Half (52%) of primary and secondary care doctors have little to no confidence they will be able to manage patient demand once normal NHS services resume, the latest BMA tracker survey has found.
The survey of 4,000 doctors across the UK, carried out between 6 and 12 August, also found that 43% of respondents believe that even without a second spike of Covid-19, it will take between three and 12 months for GP consultation to return to pre-pandemic levels of capacity, if not longer.
For secondary care services, 59% of doctors said they believe it would take the same time period for outpatient appointments to return to normal, while 61% said the same for elective procedures and 47% for diagnostics.
Two-thirds (66%) of respondents said it would take three months or longer for their workplace to clear the backlog of elective procedures created during the pandemic, while 65% said the same for outpatient appointments, and 55% for diagnostics.
Also, 65% of doctors said they were not confident that their local community services would be able to meet the additional demand.
‘Second wave would be devastating’
NHS England performance figures for June 2020, published last week, showed that only 52% of patients, or 1.85 million people, had started NHS treatment within 18 weeks of being referred – the lowest figure since records began in 2007, and far below the standard 92% target. More than 50,000 people had also been waiting over 52 weeks for the start of their treatment, according to the data.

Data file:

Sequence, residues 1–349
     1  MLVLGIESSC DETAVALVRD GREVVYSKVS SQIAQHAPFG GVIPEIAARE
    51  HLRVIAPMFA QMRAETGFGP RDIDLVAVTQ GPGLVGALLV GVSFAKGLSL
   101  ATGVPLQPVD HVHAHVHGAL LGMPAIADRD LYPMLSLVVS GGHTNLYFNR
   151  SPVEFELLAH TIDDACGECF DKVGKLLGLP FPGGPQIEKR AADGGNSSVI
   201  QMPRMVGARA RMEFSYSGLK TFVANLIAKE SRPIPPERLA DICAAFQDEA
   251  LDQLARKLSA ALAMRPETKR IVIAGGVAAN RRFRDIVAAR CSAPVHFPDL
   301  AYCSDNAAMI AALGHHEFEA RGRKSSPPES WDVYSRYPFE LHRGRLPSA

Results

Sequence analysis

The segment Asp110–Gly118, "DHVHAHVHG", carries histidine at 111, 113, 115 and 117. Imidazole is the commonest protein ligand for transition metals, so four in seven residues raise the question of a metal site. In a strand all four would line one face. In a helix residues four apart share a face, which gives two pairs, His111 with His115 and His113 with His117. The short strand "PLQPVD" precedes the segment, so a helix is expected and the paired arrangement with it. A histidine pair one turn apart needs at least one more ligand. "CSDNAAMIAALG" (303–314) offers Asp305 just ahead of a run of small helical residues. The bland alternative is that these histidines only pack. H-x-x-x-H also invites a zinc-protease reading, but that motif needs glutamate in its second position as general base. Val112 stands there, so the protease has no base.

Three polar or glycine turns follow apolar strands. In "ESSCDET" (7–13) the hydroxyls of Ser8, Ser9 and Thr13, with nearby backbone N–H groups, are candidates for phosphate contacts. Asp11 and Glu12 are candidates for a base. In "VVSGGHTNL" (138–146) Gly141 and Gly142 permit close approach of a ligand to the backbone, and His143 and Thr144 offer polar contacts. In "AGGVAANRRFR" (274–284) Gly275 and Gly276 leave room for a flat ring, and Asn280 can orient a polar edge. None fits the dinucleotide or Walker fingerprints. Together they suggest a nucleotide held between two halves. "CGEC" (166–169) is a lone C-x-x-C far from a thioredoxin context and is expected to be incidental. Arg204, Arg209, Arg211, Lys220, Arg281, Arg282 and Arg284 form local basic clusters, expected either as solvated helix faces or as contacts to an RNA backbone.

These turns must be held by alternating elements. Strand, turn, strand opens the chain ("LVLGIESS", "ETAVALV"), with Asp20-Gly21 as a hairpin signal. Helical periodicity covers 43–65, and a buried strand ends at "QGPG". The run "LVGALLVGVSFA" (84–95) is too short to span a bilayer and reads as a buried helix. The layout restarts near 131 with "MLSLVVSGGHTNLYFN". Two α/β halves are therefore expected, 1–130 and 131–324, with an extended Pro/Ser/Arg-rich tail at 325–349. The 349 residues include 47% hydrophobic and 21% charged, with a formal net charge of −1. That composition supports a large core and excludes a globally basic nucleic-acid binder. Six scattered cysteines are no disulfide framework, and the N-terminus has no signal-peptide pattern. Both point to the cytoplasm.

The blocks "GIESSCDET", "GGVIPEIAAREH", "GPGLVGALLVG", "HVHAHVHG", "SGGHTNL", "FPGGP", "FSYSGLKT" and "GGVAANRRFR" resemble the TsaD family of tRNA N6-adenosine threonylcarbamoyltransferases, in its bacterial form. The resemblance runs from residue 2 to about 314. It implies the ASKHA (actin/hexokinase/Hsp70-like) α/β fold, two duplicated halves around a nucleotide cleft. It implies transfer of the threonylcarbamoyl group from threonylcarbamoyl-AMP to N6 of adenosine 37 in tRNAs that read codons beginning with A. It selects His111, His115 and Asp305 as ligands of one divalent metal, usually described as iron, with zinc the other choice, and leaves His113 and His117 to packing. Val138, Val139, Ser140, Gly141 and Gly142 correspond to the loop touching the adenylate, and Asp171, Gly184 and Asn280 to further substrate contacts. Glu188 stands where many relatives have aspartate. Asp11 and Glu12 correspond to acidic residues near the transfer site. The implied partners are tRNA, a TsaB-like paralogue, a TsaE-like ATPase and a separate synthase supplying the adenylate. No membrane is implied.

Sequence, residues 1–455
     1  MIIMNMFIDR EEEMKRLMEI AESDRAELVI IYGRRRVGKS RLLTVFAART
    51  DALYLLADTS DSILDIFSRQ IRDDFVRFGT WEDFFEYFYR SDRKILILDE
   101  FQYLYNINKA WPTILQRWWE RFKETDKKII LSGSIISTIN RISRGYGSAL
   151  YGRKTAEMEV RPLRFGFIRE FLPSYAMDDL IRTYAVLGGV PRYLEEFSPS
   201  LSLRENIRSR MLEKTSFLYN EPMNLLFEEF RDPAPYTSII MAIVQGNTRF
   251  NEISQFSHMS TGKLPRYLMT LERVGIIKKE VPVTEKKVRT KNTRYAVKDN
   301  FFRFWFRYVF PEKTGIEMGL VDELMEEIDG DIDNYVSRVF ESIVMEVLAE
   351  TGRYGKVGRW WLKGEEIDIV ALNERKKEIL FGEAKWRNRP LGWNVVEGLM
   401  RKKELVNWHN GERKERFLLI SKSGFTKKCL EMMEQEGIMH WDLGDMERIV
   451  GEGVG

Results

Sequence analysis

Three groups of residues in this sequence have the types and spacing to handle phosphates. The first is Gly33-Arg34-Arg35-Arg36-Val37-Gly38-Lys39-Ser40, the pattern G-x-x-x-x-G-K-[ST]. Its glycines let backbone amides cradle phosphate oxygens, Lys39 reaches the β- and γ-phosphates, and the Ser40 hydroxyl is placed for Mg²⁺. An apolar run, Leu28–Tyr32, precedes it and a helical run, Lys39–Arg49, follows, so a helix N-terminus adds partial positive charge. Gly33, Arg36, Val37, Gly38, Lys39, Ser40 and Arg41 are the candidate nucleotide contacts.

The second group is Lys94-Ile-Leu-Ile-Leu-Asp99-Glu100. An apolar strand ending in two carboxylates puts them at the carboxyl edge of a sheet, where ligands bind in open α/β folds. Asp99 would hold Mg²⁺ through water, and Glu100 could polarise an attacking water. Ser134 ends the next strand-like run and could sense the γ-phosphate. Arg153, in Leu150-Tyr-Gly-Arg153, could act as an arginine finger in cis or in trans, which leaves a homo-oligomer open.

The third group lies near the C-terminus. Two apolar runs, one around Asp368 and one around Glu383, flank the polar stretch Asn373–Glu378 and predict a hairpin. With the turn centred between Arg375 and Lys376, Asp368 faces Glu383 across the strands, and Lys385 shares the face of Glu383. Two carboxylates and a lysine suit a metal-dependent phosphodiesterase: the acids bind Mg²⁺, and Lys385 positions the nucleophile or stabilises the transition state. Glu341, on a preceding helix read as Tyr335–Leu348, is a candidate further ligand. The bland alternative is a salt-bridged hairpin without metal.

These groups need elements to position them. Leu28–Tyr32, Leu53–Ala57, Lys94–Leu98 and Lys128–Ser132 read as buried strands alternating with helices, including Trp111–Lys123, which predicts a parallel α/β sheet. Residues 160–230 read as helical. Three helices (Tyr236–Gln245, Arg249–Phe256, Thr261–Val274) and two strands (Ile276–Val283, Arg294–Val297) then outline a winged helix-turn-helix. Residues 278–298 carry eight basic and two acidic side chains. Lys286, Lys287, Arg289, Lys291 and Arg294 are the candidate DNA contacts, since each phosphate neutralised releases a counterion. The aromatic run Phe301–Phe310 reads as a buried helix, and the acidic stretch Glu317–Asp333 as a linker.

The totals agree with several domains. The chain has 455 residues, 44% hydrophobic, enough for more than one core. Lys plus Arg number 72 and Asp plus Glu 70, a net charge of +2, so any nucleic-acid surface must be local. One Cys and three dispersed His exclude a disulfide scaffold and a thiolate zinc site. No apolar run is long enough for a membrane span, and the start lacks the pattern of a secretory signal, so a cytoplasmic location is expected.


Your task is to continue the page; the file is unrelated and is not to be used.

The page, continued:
Chaand Nagpaul, BMA council chair, said: ‘These survey findings underline the sheer scale of the challenge for the NHS in the coming months, and the anxiety and concern felt by frontline doctors who are exhausted as they look ahead to what will likely be one of the most challenging times of their careers.
‘Staff are being told to begin to return to ‘business as usual’ – but they clearly have very little confidence this is achievable any time soon.
‘At the same time, they are really fearful of how the health service will cope if a second wave hits. A second wave would be devastating for the health service, especially if it arrived in winter and amid a potential flu outbreak.’
Last month (July), the Academy of Medical Sciences warned that the UK could see a ‘large resurgence’ of Covid-19 this winter, leading to 120,000 deaths, in a ‘reasonable worst-case scenario’, and exacerbating pressures on the NHS and social care.